The National Oceanic and Atmospheric Administration, or NOAA, lifted all warnings at around 11 a.m. Japan time for people in mainland China and Taiwan and along coasts in Japan to be alert for possible tsunami. But it says slight changes in tide levels could continue for several hours.

Tsunami observed

The NOAA says a tsunami of 1 meter was observed in Hualien City, another of 45 centimeters in Chenggong in eastern Taiwan, and one of 21 centimeters in Longdone in the northern city of New Taipei.

The NOAA had also been calling on people in Guam and Indonesia to be alert, noting slight changes in tide levels.

The United States Geological Survey, or USGS, said earthquakes with magnitudes of 5 to 6.7 have continued intermittently since the first earthquake.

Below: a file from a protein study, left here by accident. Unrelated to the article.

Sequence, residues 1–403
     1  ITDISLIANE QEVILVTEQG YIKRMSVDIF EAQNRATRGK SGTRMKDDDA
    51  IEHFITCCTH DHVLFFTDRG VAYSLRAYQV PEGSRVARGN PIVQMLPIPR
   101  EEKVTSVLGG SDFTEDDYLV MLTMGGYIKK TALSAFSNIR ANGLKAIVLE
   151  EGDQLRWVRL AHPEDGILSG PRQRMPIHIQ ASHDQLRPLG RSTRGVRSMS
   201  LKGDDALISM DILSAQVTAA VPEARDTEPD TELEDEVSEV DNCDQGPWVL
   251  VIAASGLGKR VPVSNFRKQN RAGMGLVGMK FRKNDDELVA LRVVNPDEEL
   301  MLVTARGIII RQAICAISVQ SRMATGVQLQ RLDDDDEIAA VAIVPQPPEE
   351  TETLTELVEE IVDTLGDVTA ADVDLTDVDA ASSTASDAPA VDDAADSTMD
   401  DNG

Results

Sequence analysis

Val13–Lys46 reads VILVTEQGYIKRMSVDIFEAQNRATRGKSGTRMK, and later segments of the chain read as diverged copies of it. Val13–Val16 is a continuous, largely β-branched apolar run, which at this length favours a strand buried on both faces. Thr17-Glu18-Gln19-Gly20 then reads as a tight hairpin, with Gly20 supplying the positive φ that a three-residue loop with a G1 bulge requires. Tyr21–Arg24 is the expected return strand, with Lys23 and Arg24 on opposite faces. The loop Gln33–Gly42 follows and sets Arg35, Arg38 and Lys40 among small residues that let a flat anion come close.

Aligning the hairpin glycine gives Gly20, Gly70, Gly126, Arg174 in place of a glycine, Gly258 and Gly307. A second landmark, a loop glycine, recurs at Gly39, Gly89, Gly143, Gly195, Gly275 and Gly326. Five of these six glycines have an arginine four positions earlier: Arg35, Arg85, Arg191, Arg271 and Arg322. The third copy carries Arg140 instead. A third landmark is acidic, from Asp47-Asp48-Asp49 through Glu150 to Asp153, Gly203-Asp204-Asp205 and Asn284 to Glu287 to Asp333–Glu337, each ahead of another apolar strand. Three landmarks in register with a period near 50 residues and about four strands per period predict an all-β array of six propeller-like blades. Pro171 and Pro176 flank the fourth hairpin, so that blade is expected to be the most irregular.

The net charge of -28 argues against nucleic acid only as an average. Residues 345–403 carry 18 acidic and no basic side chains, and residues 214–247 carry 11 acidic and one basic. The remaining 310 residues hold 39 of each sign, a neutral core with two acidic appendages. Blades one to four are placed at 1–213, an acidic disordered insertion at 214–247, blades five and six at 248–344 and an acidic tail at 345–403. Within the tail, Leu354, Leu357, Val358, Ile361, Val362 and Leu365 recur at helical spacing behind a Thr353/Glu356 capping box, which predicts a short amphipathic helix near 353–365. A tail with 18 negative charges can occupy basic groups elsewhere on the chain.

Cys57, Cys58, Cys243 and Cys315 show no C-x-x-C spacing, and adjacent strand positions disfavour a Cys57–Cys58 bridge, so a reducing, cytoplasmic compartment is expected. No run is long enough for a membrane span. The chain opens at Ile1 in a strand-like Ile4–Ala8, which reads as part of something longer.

Landslide in Hualien, Taiwan

Taiwanese TV station TVBS has been reporting on the situation in Hualien County. It has aired images of a landslide from a mountain with rising dust clouds and walls of collapsed buildings scattered on a road.

It has also showed violent shaking of ceiling-light fixtures and water in goldfish bowls.

TVBS says the disaster in Hualien is believed to be extremely severe, as aftershocks continue to rattle the region. A disaster medical team, or DMAT, has reportedly been dispatched.

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A video taken from an eyewitness shows a landslide in Hualien following the strong quake.

Building collapsed